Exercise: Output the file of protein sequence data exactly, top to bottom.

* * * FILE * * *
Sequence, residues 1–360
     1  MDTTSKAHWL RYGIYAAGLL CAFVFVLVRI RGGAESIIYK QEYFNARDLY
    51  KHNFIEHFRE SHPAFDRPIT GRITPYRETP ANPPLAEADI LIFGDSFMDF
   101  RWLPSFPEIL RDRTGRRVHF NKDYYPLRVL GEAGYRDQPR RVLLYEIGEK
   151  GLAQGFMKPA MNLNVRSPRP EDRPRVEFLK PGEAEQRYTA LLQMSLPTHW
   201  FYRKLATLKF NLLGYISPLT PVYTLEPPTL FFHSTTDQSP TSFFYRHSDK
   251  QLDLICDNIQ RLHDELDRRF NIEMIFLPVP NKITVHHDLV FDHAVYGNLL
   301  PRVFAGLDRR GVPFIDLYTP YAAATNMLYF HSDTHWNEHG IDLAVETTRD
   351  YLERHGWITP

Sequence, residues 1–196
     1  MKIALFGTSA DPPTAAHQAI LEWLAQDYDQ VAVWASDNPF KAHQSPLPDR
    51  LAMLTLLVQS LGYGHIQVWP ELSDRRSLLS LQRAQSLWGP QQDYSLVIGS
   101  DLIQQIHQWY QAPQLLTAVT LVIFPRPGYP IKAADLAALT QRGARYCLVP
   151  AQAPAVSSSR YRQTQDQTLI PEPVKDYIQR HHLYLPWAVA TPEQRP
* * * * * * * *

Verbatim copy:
Sequence, residues 1–360
     1  MDTTSKAHWL RYGIYAAGLL CAFVFVLVRI RGGAESIIYK QEYFNARDLY
    51  KHNFIEHFRE SHPAFDRPIT GRITPYRETP ANPPLAEADI LIFGDSFMDF
   101  RWLPSFPEIL RDRTGRRVHF NKDYYPLRVL GEAGYRDQPR RVLLYEIGEK
   151  GLAQGFMKPA MNLNVRSPRP EDRPRVEFLK PGEAEQRYTA LLQMSLPTHW
   201  FYRKLATLKF NLLGYISPLT PVYTLEPPTL FFHSTTDQSP TSFFYRHSDK
   251  QLDLICDNIQ RLHDELDRRF NIEMIFLPVP NKITVHHDLV FDHAVYGNLL
   301  PRVFAGLDRR GVPFIDLYTP YAAATNMLYF HSDTHWNEHG IDLAVETTRD
   351  YLERHGWITP

Sequence, residues 1–196
     1  MKIALFGTSA DPPTAAHQAI LEWLAQDYDQ VAVWASDNPF KAHQSPLPDR
    51  LAMLTLLVQS LGYGHIQVWP ELSDRRSLLS LQRAQSLWGP QQDYSLVIGS
   101  DLIQQIHQWY QAPQLLTAVT LVIFPRPGYP IKAADLAALT QRGARYCLVP
   151  AQAPAVSSSR YRQTQDQTLI PEPVKDYIQR HHLYLPWAVA TPEQRP